What I Thought:
It’s 1940 and Emmeline Lake’s dream is to become a Lady War Correspondent. After going for an interview with a newspaper, being offered the job, telling everyone she knows, Emmeline arrives for her first day only to realise that there has been a huge mistake. Instead of pounding the rubble of Blitz-ridden London she has actually been employed to work with their Agony Aunt, the formidable Mrs. Bird, and will spend her days sifting through letters for her column “Henrietta Helps”. She soon learns, however, that not all (in fact, most) letters don’t ever make it to the paper as they are (deemed “unpleasant” (any containing intimacy, unhappiness or divorce among other topics are a definite no-no). Emmy, bored and frustrated by all the poor people she can’t help, decides to secretly answer some of the letters, and not realsing the impending chaos that will ensue.
Dear Mrs. Bird is a quirky, fun read. It’s filled with likable (and some not so likable) characters who manage to navigate their way through the war and still find things to be cheerful about. Yes, it’s a light and breezy book but there are some difficult to read parts that I thought the author managed incredibly well and with great tenderness.
A charming book that should appeal to many. A lovely read with a lightness of touch which I thoroughly enjoyed.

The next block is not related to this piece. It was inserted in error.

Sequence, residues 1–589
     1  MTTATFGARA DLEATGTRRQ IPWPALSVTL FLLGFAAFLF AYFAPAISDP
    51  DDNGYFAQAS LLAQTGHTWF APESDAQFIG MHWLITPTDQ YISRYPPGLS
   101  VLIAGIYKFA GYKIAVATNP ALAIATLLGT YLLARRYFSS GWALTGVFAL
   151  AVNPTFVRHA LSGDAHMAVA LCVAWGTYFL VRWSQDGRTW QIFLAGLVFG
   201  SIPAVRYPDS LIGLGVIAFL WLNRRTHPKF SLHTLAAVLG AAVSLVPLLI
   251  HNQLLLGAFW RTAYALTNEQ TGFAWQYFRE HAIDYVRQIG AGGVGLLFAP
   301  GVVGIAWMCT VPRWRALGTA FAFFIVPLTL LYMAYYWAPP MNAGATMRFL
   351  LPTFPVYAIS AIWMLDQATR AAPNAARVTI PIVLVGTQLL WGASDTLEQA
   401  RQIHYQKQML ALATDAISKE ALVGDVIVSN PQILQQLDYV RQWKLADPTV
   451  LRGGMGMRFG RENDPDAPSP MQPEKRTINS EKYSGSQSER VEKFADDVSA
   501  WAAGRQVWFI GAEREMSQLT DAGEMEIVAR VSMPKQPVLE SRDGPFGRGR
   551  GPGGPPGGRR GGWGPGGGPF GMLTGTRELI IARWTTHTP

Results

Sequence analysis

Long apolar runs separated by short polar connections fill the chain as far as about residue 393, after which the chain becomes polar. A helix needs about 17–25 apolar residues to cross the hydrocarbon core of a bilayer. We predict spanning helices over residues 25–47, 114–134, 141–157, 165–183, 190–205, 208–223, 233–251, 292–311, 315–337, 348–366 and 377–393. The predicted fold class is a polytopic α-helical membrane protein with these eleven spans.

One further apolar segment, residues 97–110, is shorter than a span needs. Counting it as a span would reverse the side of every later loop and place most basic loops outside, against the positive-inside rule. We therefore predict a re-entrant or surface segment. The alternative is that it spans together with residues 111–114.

NB/ I received a copy of this book from Picador to read in return for my honest review. Dear Mrs. Bird will be available to purchase in the UK on 05/04/18.
In three words:
Tiny, quirky, sweet
What I thought:
A tiny story in a tiny book about a tiny wife. This novella is less than 100 pages long, but what you get for that is a weird and wonderful little story that starts off in a bank. A robber (dressed rather flambouyantly in purple and feathers) enters and holds the queue up at gunpoint and asks each person in the line to hand over the thing with the most sentimental value to them. Once he has got something from each of them he disappears after telling them that he has taken a portion of each of their souls.
Over the coming days and weeks, bizarre things start to happen to those who were in line at the bank that day including one woman discovering she is made of candy and her husband eats her all up, and another one who has a tattoo of a lion on her leg which suddenly comes alive and starts chasing her all over town. I love the fact that the book has illustrations in it too which makes it all the more fairytale-like.
The Tiny Wife is so called after the main character who, after the bank episode, finds herself shrinking slightly each day – but will she disappear altogether?
Verdict: Fun, cute, quirky and well worth a read.
(Source: I received my copy of this book for review from The Friday Project – an imprint of Harper Collins)